[JURIST] Lawyers for former Khmer Rouge [BBC backgrounder] official Kaing Guek Eav [case materials; JURIST news archive] on Tuesday filed a notice of an appeal [text, PDF] of his conviction by the Extraordinary Chambers in the Courts of Cambodia (ECCC) [official website]. Last month, the trial chamber of the ECCC convicted Kaing [JURIST report], also known as “Duch,” of crimes against humanity and of violating the 1949 Geneva Conventions, sentencing him to 35 years in prison. Kaing’s sentence was reduced to 19 years after the court considered time served as well as other factors. The defense’s appeal calls for Kaing’s acquittal on the grounds that the trial chamber does not have personal jurisdiction over him and there was error in determining his 35-year sentence. The defense reasons that the court relied on the prosecution’s evidence in finding that the case came under the temporal, territorial and material jurisdiction of the ECCC, but failed to show beyond a reasonable doubt why Kaing fell under its personal jurisdiction. In giving preference to common law principles, the defense contends that the court’s interpretation of jurisdiction violates Article 2(1) of the Agreement between the United Nations and the Royal Government of Cambodia and Articles 1 and 2 of the ECCC law [texts, PDFs]. The appeal also asks the court to find that Kaing was merely a witness to the events and that his detention period from the date of his arrest to the date of the judgment qualifies as witness protection.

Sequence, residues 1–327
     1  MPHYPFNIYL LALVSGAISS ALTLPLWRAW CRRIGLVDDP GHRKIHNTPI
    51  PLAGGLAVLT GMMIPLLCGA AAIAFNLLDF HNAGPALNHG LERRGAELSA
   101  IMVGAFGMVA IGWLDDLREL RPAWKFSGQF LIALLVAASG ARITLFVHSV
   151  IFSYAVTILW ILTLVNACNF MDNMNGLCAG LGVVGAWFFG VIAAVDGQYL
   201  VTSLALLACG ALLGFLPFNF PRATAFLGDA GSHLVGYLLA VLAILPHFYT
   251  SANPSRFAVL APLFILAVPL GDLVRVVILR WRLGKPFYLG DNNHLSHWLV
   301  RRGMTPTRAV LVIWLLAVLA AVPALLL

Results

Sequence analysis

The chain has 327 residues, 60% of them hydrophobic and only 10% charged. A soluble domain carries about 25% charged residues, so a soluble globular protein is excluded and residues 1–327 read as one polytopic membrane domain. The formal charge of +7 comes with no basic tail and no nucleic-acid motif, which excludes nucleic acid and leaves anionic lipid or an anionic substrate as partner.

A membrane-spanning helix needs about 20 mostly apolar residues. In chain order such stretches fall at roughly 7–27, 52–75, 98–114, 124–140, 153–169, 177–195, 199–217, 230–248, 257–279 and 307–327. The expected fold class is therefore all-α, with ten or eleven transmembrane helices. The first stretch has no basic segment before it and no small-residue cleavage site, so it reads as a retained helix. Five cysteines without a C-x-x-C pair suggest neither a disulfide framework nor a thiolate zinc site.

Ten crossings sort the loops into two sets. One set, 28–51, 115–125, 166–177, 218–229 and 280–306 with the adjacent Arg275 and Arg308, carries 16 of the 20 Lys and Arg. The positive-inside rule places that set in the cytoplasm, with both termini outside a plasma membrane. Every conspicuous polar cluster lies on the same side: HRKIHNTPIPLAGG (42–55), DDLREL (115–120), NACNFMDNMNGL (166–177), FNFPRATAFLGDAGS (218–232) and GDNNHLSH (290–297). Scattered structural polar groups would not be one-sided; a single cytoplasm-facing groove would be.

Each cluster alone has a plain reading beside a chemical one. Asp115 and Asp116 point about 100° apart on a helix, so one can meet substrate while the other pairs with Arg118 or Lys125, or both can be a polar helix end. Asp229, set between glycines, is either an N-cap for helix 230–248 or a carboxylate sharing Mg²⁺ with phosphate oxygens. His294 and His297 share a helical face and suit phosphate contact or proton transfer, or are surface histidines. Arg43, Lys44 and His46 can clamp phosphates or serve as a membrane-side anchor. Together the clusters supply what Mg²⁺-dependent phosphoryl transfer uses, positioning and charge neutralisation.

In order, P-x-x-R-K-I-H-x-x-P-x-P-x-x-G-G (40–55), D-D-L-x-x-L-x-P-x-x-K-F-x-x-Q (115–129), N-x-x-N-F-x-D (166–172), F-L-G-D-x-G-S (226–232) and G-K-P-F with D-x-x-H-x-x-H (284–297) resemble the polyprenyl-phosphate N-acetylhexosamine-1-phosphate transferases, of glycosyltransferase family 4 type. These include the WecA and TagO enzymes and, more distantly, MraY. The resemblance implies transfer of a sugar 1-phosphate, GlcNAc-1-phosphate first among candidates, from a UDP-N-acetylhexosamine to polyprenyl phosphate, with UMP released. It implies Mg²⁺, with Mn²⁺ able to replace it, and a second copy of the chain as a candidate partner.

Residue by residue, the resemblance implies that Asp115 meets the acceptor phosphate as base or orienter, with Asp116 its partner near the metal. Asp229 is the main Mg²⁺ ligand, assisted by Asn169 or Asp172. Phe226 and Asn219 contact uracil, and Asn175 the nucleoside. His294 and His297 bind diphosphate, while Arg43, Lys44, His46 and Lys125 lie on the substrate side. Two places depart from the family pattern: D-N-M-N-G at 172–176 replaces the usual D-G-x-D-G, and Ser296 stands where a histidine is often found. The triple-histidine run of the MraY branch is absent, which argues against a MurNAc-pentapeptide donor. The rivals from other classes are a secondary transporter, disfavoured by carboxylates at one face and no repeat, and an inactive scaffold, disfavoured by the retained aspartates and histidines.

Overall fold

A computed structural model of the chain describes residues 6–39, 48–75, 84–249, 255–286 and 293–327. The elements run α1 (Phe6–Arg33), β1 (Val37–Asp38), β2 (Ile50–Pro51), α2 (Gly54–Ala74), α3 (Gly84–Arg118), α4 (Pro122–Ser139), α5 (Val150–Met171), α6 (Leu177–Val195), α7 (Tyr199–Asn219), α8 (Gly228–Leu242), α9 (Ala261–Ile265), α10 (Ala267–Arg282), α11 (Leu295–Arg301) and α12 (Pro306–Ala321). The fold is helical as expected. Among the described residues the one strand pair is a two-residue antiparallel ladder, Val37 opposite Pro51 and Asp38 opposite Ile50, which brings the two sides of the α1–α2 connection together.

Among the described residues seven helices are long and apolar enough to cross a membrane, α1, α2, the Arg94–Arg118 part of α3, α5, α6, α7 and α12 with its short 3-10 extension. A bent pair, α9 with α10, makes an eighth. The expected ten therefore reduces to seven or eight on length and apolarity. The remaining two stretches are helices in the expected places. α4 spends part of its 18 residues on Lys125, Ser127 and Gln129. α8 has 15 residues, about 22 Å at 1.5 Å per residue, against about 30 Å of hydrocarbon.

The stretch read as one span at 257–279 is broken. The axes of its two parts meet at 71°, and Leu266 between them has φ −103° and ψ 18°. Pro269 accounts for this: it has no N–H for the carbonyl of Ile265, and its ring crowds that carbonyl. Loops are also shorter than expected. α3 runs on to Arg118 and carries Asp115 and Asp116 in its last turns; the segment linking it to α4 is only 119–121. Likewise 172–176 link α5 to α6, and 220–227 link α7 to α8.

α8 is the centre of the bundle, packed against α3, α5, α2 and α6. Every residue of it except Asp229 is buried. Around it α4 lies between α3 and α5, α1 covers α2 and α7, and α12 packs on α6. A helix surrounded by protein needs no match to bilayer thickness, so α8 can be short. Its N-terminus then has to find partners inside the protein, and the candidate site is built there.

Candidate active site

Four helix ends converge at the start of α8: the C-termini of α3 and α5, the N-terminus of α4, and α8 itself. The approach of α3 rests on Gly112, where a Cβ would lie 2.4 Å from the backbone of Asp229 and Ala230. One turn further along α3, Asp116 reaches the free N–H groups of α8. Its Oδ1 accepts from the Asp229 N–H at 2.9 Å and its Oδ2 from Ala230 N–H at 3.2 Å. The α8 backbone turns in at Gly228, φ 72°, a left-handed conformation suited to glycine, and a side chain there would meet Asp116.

Last week, the prosecution filed a notice of an appeal [JURIST report] seeking to increase Kaing’s term of imprisonment. The prosecution identified three grounds for appeal, including a discernible error in the exercise of sentencing discretion, an error of law regarding cumulative convictions and an error of law regarding enslavement. Kaing unexpectedly asked to be released [JURIST report] at the close of his trial in November. His request was a complete departure from his previous conduct, as he had cooperated with the trial and repeatedly apologized to his victims and their families, mitigating conduct that earned him a reduced sentence from the 40 years prosecutors originally sought. His lawyers took different approaches in their closing remarks, with one stating that his client was not guilty and the other asking for clemency. In March 2009, Kaing accepted responsibility and apologized [JURIST report] for his conduct at the detention facility. He is the first of eight ex-Khmer Rouge officials expected to be tried before the ECCC. In April, the pre-trial chamber of the ECCC dismissed appeals by three other former Khmer Rouge officials [JURIST report] to block the extension of their provision detention. The three prisoners, Ieng Thirith, Ieng Sary and Khieu Samphan, were arrested in November 2007 and face charges of genocide, war crimes, crimes against humanity, murder, torture and religious persecution.